What a difference a week makes. After playing the Los Angeles Lakers twice at home last week and only able to come away with “moral” victories, the San Antonio Spurs traveled to LA to spar with the the Los Angeles Clippers and the Lakers (again). Then in the last two games of this Western Conference road trip, the Spurs met up with some young but struggling Minnesota Timberwolves and came away with a loss (in a couple of ways).
Week 3: After the rough patch last week, the Spurs came into Los Angeles to play the Clippers and Kawhi Leonard. While the youngsters have been shining, the vets have also had their impact. Enter Patty Mills. The game versus the Clips gave us FIBA Patty when he went off with 8 three pointers (of the teams’ record 20 tres) in a hard fought victory.
The series style of play this season to help mitigate COVID risks means that teams get to face in conference teams in series that allow for the same type of adjustments often made in the playoffs. Seeing the Lakers again after having played them twice helped the Spurs come out more aggressively and more prepared for LeBron James and company.
The Spurs then traveled to snowy Minnesota to celebrate Tre Jones 21st birthday . . . and oh yeah, play against Karl Anthony-Towns and the Timberwolves. While KAT was hurt, he did give the Spurs a hard time, which eventually led to the first overtime win of the season. The game saw DeMar DeRozan get 38 points and Dejounte Murray get a double double (22 pts and 14 rebounds - gotta love a rebounding guard). The second game against Minnesota in the SEGABABA saw KAT sitting out (after aggravating his injury in the previous night’s game) and DeMar DeRozan returning to LA to take care of his father who had fallen ill. While Lonnie Walker IV put on a first half show, the Silver and Black definitely missed the DeRozen’s ability to help close games out.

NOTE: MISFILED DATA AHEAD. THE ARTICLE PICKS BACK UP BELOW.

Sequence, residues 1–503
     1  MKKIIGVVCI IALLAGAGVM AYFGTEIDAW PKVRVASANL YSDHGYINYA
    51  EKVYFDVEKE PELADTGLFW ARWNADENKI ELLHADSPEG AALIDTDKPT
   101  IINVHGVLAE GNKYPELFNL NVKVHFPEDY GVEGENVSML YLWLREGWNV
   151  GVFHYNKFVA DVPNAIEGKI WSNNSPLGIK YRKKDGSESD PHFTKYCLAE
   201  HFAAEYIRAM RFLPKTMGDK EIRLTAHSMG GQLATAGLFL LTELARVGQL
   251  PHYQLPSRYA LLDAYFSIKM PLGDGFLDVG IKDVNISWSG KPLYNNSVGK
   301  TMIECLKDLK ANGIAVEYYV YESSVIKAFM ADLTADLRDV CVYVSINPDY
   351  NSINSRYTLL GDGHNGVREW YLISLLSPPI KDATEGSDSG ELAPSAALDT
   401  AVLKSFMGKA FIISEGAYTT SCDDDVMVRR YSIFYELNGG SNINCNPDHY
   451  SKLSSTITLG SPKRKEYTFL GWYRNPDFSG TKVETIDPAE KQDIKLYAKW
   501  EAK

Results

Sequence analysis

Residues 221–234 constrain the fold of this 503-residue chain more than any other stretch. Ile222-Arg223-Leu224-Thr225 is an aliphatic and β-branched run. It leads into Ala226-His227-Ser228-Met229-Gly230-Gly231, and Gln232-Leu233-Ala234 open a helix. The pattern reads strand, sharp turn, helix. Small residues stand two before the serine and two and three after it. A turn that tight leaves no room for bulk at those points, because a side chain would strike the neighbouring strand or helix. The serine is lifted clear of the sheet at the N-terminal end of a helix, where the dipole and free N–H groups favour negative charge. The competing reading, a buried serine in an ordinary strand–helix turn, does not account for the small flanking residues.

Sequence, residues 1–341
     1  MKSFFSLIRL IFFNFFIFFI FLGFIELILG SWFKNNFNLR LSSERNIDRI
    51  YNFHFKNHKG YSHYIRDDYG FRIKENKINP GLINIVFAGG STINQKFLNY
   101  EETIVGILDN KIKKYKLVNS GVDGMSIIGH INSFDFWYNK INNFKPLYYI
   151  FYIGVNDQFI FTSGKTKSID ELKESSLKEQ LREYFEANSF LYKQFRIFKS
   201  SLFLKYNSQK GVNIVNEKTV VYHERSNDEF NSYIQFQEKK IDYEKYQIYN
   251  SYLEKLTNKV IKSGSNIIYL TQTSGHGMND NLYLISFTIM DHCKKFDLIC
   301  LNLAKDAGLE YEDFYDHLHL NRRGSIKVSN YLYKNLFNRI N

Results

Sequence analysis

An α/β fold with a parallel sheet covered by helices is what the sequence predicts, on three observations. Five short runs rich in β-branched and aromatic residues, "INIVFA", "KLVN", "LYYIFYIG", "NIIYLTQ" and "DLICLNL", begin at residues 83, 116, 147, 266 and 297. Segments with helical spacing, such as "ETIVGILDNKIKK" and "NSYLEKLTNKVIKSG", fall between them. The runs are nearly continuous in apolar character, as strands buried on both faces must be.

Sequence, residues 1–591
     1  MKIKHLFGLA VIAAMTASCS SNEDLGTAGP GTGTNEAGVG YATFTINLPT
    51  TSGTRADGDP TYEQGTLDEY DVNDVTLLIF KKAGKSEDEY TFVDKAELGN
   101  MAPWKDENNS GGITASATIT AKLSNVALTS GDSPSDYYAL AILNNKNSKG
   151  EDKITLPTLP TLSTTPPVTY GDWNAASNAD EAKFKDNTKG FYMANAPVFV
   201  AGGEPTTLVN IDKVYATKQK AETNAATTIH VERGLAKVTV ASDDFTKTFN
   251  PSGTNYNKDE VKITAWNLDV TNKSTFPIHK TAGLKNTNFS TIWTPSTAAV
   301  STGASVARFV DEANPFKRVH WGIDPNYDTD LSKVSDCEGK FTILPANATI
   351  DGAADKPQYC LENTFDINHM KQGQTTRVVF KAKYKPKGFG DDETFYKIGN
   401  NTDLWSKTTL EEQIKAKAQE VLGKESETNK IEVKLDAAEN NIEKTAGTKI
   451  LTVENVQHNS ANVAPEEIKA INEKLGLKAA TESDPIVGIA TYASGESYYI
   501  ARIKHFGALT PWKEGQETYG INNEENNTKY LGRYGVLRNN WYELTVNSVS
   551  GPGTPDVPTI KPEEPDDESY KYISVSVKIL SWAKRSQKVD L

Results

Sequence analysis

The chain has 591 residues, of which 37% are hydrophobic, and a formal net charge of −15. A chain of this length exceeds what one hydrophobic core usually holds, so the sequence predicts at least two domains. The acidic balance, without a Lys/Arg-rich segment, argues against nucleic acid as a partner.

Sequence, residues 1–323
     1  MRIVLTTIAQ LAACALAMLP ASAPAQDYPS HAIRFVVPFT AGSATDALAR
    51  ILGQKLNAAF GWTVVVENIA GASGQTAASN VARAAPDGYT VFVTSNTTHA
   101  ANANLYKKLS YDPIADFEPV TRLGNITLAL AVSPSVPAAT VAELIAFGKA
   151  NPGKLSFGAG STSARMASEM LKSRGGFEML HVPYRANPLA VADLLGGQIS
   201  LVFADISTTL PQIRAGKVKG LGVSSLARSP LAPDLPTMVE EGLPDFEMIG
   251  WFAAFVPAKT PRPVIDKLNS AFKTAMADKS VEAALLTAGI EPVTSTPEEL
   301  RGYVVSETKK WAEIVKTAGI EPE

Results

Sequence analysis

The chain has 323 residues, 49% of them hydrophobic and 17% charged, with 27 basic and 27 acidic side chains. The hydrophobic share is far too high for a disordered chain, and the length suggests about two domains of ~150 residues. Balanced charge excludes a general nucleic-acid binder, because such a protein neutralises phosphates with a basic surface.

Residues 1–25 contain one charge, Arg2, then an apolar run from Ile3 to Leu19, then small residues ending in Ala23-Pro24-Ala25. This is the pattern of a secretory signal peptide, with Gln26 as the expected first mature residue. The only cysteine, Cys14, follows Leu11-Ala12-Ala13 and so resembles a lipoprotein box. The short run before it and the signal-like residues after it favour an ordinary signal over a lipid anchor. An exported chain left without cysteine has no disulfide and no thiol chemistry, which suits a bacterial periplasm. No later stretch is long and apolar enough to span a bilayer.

Last week: 3-1 (5-5) — 116-113 @ Clippers; 118-109 @ Lakers; 125-122 @ Timberwolves; 96-88 @ Timberwolves (loss)
This week: 1/12 @ Oklahoma City Thunder; 1/14 vs Houston Rockets; 1/16 vs Houston Rockets
Andrew Lopez, ESPN - 15 (Last Week: 20)
DeMar DeRozan wasn’t with the Spurs in Sunday’s game against the Timberwolves, as he left the team for personal reasons, but he posted 38 points on Saturday night, tying his highest-scoring game in a San Antonio uniform. He is averaging a career high in assists per game (7.0), and he already has made as many 3-pointers in nine games this season, with nine, as he did all of last season in 68 contests.
Colin Ward-Henninger, CBS Sports - 12 (Last Week: 27)
San Antonio had a chance for an undefeated week, but lost to the Timberwolves without DeMar DeRozan on Sunday. Even so, beating the Clippers and Lakers in back-to-back road games is no small feat, making this an impressive stretch for the Spurs. DeRozan has embraced the playmaker role, averaging a career-high seven assists per game, while Dejounte Murray may finally be taking the leap many have been expecting. When Derrick White returns to the lineup, San Antonio should become even more dangerous.
John Schuhmann, NBA.com - 17 (Last Week: 27)